GLOW returns for Season 2 this Friday night and features a crack ensemble cast with a standout player — gentle giant Carmen “Machu Picchu” Wade, played by Britney Young.
A quiet force of nature, Carmen hails from wrestling royalty and brings actual knowledge to the ring while the other ladies play catch up learning the ropes, literally.
An Alaskan who traveled south for school, Young told us in our exclusive interview below how she has the enviable edge of being part of the University of Southern California “Trojan mafia”.
This USC film school grad comes with way more than on-screen charisma — she has real behind-the-scenes talent too, and it won’t be surprising to see her producing in years to come.
In real-life preparation for the series, Young gave major training props to Chavo Guerrero Jr. and even Lucha Underground senior ref Marty Elias who appeared as a ref in Season 1.
Not only has Young stood out in GLOW, but her one episode in FX’s excellent comedy Better Things has earned her some major notice.
One of the perks of GLOW is that the popular cast was invited to participate on reality series Drop the Mic with Method Man, and the ladies got to go up against real WWE heavyweights like Nikki and Brie Bella.
As we interviewed Britney we learned one thing for sure — that GLOW season 2 will peel away the cast’s personal relationships and focus on their reaction to newfound fame.
Monsters and Critics: We love Carmen! You probably hear that all the time and when we covered the tapings of El Rey’s Lucha Underground, ref Marty Elias mentioned working with you all…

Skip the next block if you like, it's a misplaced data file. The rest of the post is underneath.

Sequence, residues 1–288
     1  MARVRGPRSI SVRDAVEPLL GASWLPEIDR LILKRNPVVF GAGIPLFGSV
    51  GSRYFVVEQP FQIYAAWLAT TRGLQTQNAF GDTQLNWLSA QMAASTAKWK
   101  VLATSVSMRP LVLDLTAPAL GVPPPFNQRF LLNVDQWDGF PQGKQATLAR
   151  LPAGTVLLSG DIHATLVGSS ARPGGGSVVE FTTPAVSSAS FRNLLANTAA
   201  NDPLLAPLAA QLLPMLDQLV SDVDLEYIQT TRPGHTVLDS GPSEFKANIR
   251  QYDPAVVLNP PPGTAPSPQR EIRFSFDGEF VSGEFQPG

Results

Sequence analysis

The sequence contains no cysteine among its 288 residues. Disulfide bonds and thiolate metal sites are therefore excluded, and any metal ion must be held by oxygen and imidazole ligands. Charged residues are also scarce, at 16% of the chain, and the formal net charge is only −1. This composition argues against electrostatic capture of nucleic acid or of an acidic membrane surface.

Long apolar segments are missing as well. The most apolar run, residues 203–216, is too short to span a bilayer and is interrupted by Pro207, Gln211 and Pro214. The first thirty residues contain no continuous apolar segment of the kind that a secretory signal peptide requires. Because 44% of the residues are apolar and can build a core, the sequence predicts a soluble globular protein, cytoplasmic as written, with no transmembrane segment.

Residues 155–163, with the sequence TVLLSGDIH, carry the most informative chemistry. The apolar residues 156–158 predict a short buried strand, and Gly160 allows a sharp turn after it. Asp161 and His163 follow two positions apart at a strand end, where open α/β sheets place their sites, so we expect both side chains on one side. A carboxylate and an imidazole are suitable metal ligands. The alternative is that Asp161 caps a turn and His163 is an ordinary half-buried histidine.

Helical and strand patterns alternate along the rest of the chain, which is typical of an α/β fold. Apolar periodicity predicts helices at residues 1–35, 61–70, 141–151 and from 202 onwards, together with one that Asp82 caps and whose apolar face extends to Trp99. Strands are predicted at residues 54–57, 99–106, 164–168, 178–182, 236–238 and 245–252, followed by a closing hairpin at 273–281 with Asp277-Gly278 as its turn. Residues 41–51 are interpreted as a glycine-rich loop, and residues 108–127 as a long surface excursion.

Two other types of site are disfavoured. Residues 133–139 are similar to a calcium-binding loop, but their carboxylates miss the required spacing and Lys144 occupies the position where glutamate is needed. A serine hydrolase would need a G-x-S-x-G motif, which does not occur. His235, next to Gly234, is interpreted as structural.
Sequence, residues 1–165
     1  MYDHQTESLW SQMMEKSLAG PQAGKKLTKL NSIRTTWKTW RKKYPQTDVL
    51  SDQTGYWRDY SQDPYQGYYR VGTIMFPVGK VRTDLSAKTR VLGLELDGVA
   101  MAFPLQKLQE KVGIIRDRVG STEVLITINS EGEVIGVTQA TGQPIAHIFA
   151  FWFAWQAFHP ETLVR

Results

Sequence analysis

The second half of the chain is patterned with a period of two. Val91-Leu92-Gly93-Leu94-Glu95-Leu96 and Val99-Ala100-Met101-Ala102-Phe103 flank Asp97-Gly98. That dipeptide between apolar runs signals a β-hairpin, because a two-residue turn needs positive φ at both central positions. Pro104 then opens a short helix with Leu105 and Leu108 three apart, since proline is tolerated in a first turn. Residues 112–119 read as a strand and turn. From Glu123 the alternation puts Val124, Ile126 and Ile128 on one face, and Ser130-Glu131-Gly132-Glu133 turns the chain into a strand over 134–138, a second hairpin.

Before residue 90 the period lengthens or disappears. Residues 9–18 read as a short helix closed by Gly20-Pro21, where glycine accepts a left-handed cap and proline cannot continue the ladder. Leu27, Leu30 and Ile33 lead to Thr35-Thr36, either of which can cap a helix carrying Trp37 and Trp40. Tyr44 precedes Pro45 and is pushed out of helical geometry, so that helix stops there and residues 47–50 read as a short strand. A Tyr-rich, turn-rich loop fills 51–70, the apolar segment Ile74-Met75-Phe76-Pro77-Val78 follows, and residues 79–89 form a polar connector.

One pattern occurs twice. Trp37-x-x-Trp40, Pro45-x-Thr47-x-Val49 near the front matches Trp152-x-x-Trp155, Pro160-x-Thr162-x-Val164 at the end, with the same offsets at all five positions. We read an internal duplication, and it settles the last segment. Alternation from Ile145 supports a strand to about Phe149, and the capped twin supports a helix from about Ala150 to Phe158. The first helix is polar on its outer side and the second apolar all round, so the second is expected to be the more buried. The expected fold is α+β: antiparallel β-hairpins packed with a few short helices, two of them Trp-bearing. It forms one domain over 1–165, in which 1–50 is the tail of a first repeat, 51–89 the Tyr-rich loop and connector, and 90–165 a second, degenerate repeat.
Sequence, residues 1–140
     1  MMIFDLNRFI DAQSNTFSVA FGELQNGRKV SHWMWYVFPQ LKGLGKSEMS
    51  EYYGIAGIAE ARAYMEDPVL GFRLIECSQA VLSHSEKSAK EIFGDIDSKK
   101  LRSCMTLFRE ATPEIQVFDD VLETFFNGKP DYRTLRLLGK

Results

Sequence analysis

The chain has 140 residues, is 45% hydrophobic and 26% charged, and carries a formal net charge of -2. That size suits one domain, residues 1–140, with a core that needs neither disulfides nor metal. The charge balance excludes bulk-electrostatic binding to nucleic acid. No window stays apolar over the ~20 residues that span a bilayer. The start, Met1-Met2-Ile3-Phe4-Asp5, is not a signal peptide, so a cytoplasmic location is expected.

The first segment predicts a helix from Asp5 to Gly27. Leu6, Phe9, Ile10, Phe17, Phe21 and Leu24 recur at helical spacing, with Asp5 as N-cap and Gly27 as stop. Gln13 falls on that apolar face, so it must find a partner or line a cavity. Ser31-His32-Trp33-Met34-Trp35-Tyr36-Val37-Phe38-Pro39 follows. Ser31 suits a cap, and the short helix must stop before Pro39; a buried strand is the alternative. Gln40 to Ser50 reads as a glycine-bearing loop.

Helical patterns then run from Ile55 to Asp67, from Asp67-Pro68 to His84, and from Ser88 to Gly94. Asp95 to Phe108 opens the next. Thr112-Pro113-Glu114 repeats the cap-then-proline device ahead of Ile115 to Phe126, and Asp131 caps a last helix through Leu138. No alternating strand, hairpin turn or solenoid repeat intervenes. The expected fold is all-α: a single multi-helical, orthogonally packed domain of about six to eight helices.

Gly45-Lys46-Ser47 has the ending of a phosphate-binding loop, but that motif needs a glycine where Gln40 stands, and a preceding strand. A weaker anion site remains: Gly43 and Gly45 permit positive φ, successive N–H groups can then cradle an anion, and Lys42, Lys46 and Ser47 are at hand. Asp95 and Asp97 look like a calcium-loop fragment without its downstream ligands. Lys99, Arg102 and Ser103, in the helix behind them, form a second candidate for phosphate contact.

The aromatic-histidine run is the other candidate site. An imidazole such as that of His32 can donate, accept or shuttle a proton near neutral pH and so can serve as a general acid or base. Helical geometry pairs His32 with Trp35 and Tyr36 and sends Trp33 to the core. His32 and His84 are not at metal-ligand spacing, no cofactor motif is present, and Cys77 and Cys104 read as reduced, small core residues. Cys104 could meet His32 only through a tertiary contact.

Britney Young: I love Marty!
M&C: Just watching those Luchadors wrestle…it’s such hard work. Tell me what you go through for training, and about the physical aspect of this job.
Britney: Basically, for the past two seasons, about a month before shooting, us girls get together and go through wrestling boot camp, as we like to call it. Our sub coordinator, Shauna Duggins, and then our wrestling coordinator, Chavo Guerrero Jr., basically just put us through the ringer.
The first season, it really was step by step learning the different aspects of wrestling — and I mean step by step. The first day, we showed up, all of us girls being a little bit cocky, we were like, “Yes. We’re down for this. We got it!” Chavo looks at us and is like, “Alright, get in the ring.”
We all walked up. It took maybe about 10 minutes for us to get in because we literally did not know how to open the ropes. Some of us were just rolling in. It was quite an eye-opening experience just to get us ready for everything we were going to learn.
We really did go through the basics: back bumps, forward rolls, headlocks, hammerlocks…with each week, we started learning new moves and then turning that into choreography and then, essentially, that set us up for the first season, which we then continued training for throughout shooting.